I should add for everyone else’s benefit ‘John’ (it is his real name) is one of my brokers and over the last few years has become a good friend. He offered me an allocation of Myer in the float and was not surprised when I declined.

      • Hey Roger, was you decision to decline purchase of myers float based on valuation or because the propectus featured roughly 15 times Jennifer Hawken plus a glossy cover? Personally I took a copy as Jennifer was in it couldn’t help overlooking the accounting figures as Jen clearly was better looking then a bunch of numbers on a page! Until my sister slapped and told me to focus that I realized perhaps all this hype will drive up price, and that I should look else where! Eamon!

  5. Hi Roger,

    Is there a caveat on JBH?

    What are your thoughts on their latest announcement and the subsequent price dive?


  6. Roger,

    I’ll be looking forward to reading your book to get an idea on valuations. Do you see David Jones as overvalued? I like the fact that it has consistent ROE > 20% over the last 4 years, but it still looks expensive to me when I compare ROE with the price to book value (currently at 3.36).


    A few thoughts from me on the market at the moment.

    I also don’t see much value at the moment. I don’t know your exact method of valuation, I generally look at ROE divided by 10% and compare with price to book.

    When I create my own search on ninemsn share screener using a criteria of debt to equity 20%, EPS growth > 0%, and display price to book value, I can’t find many cheap stocks.


    However, I have to admit, I do find the decision to sell very difficult. Let’s say you can get 5% in an online bank account, assume 3% inflation, you are getting a real return of 2%. Do I sell companies that have low debt and consistently ROE > 20%, even if they are overvalued? If analysts have underestimated the EPS growth, I could be selling too early. When I do hold a lot of stocks, I find myself checking the US futures every day to see what is going to happen in the US (http://finance.yahoo.com/indices?e=futures), whereas when I am in cash, I am less obsessed and actually hoping for the market to fall!

    I do have my doubts at the moment that world growth has recovered. I think oil and mining service companies like Ausenco and Worley Parsons give a good indication of world growth, since they have staff in so many countries and good worldwide exposure. In recent announcements, both are saying that mining companies are not starting new projects, so I have my doubts on mining stocks, even though many brokers are bullish. I hear them say China is the main driver, yet the consistent comments from the head of BHP are that China is 30% of their business, so what about the other 70%? It depends on your view of the USA and Europe. Copper is also regarded as a good indicator, and it has fallen recently (http://finance.yahoo.com/futures?t=metals). I only own Monadelphous in this sector, since it has such a good record, but I will be interested to hear its results (according to Boardroom Radio, their results are on 16 Feb (http://www.brr.com.au/events/filter/results).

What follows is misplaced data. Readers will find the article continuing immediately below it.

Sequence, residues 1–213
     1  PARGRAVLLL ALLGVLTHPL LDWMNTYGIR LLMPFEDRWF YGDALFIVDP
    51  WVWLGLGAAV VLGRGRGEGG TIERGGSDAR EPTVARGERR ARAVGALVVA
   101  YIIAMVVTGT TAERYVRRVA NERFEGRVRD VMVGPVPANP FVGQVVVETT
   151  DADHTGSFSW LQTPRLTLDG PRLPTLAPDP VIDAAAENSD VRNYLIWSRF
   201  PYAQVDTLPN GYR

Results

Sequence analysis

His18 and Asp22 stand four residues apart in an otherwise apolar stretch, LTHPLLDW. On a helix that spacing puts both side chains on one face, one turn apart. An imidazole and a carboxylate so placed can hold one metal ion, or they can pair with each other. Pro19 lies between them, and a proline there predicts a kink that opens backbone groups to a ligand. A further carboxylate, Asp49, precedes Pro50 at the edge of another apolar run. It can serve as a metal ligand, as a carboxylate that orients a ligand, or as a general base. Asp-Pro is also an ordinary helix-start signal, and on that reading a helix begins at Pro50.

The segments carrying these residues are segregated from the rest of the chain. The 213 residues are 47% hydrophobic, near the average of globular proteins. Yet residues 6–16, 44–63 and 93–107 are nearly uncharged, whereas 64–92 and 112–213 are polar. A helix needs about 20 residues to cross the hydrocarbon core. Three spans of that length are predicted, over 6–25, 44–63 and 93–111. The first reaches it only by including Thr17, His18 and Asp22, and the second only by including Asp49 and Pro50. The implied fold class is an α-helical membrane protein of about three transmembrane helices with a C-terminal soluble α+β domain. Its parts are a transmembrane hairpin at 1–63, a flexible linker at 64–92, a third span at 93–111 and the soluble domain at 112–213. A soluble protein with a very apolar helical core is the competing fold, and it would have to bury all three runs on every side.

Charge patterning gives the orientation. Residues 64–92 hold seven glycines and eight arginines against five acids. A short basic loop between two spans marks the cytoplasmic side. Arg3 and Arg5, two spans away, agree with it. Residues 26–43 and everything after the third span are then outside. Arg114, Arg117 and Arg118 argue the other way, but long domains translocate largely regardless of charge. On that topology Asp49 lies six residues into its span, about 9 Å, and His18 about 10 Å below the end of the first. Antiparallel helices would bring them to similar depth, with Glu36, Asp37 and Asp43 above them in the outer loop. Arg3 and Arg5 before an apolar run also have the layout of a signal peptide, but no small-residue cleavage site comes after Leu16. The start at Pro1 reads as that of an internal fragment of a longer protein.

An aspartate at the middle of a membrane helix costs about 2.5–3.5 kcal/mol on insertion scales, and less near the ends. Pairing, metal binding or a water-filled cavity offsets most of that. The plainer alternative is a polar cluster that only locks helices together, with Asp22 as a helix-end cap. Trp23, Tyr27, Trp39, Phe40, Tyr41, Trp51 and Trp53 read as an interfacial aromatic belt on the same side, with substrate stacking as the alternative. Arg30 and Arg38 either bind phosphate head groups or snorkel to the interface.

Enjoying your blog Roger, keep up the good work.

    • Hi Damian,

      You have an elegant way of screening for companies. You may discover in time however that your model for valuation underestimates the value of companies that retain large portions of their earnings and employ them at high rates of return on equity.

      If as you say there are few new mining projects being commenced, wouldn’t that mean that the supply will eventually be outstripped by demand, leading to higher commodity prices?

      Thanks for your encouraging words. I am pleased you are finding the blog useful.

  7. Roger,
    Your reference to the 8% offered by banks is interesting. That 8% apparently requires a commitment to leave the money there for 5 years and while 8% looks attractive now, one wonders what inflation might do in a couple of years time.

    So my question is this. In your opinion, if you were investing today with a 5 year horizon, which companies would offer a more compelling investment case than the 8% fixed term?

    I like your blog – keep it up.


    • Hi Kero,

      Thanks for the comment and the encouraging words. There is a small list of companies at the moment that have the following three characteristics; 1) great quality, 2) trading at a discount to their current valuation and 3) have a rising valuation over the next few years. The only caveat of course is there are caveats. In the case of CSL, its the currency. In the case of MMS its the Henry Tax Review. You pay a high price for a cheery consensus so waiting for the ‘coast to be clear’ is not the key, but neither is the betting when you don’t know who the patsy in the room is. If you have a look at some of my posts for the blog around Christmas, you will find I also thought (and still do) that the market seems expensive. It has since fallen about 9%, but the great companies have still not fallen below intrinsic value and many are trading at my valuations for them in 18 months time.